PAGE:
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What Burglars Want Most From Your Home

02 November 2021

What Burglars Want Most From Your Home

Despite improvements in security technology, burglaries remain part of modern life. Here are the 5 most stolen items and some tips to help you protect yourself.

Statistically, burglaries in Australia are not common (2.4% of homes p.a.) but they are still an unfortunate part of modern life leading to the development of more secure locks, better alarms, video doorbells and other devices designed to keep criminals away.

Despite there being a significant improvement in security technology, the best ways to keep criminals at bay are still quite simple, locking windows and doors (unlocked doors and windows accounted for 70% of burglaries). 

Though over time, some items have remained consistently in demand by thieves, others no longer make the list of the ‘burglars most wanted’. According to Dr Rick Brown, Deputy Director of the Australian Institute of Criminology, “there’s an acronym used within criminology – CRAVED, which stands for concealable, removable, available, valuable, enjoyable and disposable.”

Here is a list of the top 5 items burglars steal in order:


Cash is still the number one item burglars are looking for. Even though according to the ABS, Australians now only use cash for about 30% of our transactions, most of us still have it lying around in drawers, wallets or purses and burglars know this and where to look for it. 

“The key thing that remains similar year to year,” explains Dr Brown, “is that it’s about stealing things that are ‘liquid’, meaning cash itself or things that can easily be turned into cash".

Again, even though we are using cash less and the amount of cash stolen is falling year-on-year, it will remain in the top position until we replace it as a payment method altogether.


A decade ago, DVD players were among the most stolen items, more recently burglars have been looking for mobile phones, tablets and of course laptops.

Given laptops or desktops are used by 91% of Australian connected households, and that most homes have more than one computer, laptops are everywhere. They’re lightweight, valuable and fairly easily turned into cash - a very stealable item indeed.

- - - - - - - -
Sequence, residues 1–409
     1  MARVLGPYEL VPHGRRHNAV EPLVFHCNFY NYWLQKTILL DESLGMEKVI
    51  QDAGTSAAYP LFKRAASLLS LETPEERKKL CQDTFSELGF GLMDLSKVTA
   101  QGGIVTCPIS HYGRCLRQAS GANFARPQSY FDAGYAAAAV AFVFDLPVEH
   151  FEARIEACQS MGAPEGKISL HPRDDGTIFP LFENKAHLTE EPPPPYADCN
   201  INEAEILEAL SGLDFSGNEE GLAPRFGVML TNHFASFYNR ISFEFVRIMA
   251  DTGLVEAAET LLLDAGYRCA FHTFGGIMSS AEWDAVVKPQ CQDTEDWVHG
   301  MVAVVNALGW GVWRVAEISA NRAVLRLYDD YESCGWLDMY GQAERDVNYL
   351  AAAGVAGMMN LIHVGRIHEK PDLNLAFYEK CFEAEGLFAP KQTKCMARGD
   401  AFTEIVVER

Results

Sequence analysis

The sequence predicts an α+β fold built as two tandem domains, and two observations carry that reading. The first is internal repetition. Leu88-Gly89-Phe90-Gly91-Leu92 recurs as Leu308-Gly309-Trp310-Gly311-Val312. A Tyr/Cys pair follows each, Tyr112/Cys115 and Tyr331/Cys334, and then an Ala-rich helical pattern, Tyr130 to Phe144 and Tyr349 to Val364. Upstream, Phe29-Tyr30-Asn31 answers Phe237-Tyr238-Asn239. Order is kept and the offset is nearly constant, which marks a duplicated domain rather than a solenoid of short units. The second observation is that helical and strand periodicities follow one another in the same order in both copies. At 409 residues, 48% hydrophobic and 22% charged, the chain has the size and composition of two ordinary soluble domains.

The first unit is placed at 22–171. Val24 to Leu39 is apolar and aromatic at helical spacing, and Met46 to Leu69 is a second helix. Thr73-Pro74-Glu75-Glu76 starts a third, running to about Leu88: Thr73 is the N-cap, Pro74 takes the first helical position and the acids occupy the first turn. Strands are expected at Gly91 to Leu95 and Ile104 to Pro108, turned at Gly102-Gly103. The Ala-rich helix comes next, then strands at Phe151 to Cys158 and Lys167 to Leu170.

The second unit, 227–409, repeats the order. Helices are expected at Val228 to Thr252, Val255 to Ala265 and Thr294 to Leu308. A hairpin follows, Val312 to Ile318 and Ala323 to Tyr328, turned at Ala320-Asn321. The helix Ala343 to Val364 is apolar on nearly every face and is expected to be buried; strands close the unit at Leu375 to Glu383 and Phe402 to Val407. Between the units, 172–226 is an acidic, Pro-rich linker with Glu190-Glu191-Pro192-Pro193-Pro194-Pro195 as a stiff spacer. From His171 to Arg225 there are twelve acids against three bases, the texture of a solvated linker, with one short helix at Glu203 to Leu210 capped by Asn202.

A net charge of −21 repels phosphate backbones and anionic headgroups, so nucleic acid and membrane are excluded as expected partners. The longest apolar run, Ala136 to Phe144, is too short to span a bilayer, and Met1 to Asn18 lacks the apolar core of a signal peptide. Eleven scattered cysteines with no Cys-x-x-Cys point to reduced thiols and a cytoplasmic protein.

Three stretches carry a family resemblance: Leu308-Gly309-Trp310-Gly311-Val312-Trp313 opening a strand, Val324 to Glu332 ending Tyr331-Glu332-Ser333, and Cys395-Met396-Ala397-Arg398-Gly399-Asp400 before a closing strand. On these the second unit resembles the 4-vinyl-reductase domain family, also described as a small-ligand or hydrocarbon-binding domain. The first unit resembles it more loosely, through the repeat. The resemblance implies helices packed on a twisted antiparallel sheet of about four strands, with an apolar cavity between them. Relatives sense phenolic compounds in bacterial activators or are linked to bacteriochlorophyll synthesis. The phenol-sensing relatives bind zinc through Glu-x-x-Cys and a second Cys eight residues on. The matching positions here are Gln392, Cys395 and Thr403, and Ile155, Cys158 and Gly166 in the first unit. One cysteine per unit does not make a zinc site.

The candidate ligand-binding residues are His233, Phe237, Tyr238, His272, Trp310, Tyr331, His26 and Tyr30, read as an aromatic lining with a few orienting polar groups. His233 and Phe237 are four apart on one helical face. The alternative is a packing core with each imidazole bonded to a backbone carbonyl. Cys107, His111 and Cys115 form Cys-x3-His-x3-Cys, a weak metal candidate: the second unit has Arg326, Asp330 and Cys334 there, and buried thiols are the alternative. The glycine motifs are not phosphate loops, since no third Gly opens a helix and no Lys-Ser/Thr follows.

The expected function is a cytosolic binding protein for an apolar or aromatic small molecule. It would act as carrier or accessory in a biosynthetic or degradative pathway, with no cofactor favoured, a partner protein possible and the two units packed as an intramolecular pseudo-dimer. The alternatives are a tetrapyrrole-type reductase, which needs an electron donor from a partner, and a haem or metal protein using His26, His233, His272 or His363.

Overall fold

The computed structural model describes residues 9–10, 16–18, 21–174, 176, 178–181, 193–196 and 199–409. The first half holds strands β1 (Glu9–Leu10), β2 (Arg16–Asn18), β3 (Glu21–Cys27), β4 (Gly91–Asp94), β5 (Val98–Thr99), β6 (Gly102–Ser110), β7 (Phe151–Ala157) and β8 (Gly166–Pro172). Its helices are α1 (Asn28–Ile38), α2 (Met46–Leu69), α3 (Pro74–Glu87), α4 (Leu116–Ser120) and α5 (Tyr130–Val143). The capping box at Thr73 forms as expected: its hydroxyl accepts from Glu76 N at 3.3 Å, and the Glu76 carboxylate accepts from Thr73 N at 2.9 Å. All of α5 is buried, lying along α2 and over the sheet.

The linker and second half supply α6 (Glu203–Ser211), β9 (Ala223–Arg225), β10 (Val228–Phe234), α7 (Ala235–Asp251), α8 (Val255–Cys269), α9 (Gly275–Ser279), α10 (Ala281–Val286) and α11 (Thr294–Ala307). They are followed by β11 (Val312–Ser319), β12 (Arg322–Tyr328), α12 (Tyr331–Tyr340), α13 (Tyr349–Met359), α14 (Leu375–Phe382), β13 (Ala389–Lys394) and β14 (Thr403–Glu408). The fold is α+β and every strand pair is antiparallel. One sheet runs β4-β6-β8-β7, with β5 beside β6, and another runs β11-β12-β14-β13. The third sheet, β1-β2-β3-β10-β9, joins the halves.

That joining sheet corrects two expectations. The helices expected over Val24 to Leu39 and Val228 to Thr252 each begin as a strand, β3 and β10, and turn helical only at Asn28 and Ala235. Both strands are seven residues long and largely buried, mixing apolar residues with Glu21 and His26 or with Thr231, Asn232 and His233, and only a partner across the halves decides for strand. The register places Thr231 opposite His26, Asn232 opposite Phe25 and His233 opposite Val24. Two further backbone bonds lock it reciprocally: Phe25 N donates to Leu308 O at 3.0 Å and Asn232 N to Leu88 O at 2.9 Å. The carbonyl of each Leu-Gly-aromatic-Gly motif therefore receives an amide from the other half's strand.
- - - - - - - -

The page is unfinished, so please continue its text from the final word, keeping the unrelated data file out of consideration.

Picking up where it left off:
In the past, such items would be sold at pawn shops or off the back of a truck but these days, the market is larger online.

“Some electrical items now tend to be lower down the list,” says Dr Brown, “either because they’re increasingly getting too large to steal – as in the case of televisions – or the price of them has come down so much that they tend to be less favoured". 


Again, portable, valuable and easy to steal, jewellery is a great option for a thief looking to quickly turn a haul into cash.

Given the big increase in the price of gold in recent years many stores have opened looking to buy old gold jewellery. Opportunities to offload the precious metal are plentiful.

Extra precautions you can take to keep jewellery more secure is to put it in a safe. Failing that, you could at the least find a hiding place that burglars are less likely to find - burglars try to avoid being in a home for any longer than necessary. If they can’t find what they’re looking for, they’ll usually take what is obvious and move on.


In the past, high end cameras have been a preferred target thanks to expensive lenses and accessories. Online marketplaces have made turning cameras into cash easier than ever before.

The evolution of the photographic capability of mobile phones, may perhaps ultimately lead to a decline in ownership of high end cameras making them less stolen, but that will only increase the popularity amongst burglars for our next item...

Mobile Phones

In 2001, mobile phones were ranked the seventh most popular target for burglars in NSW. By 2010, they’d moved into fourth place, and in 2020 they’d jumped to 5th.

Given that some new mobile phone prices are approaching $2000, we can expect the trend of desirability for thieves to keep increasing. 

Again, phones are small, easy to carry off and easy to convert to cash. 

The pain of having your phone stolen is perhaps greater than most other items given you don’t just lose an expensive item; you lose your contacts, your photos and you also put yourself at risk for identity theft. 

As with all items on the list, don’t leave your phone lying around in sight of burglars looking through windows. But if your phone is taken, having a 'find my phone' app activated might help you track down the thief via GPS.

Sadly, no-one is immune from burglaries, but a bit of prevention goes a long way. “My number one tip would be to make sure doors and windows are secure,” Dr Brown says, “this prevents those walk-in burglaries, which account for a significant proportion of burglary offences".

No matter whether you’re in SA, WA or elsewhere in Australia, you can also get some peace of mind by adequately insuring your home contents, so that if you are hit by a burglar you can replace your valuables.


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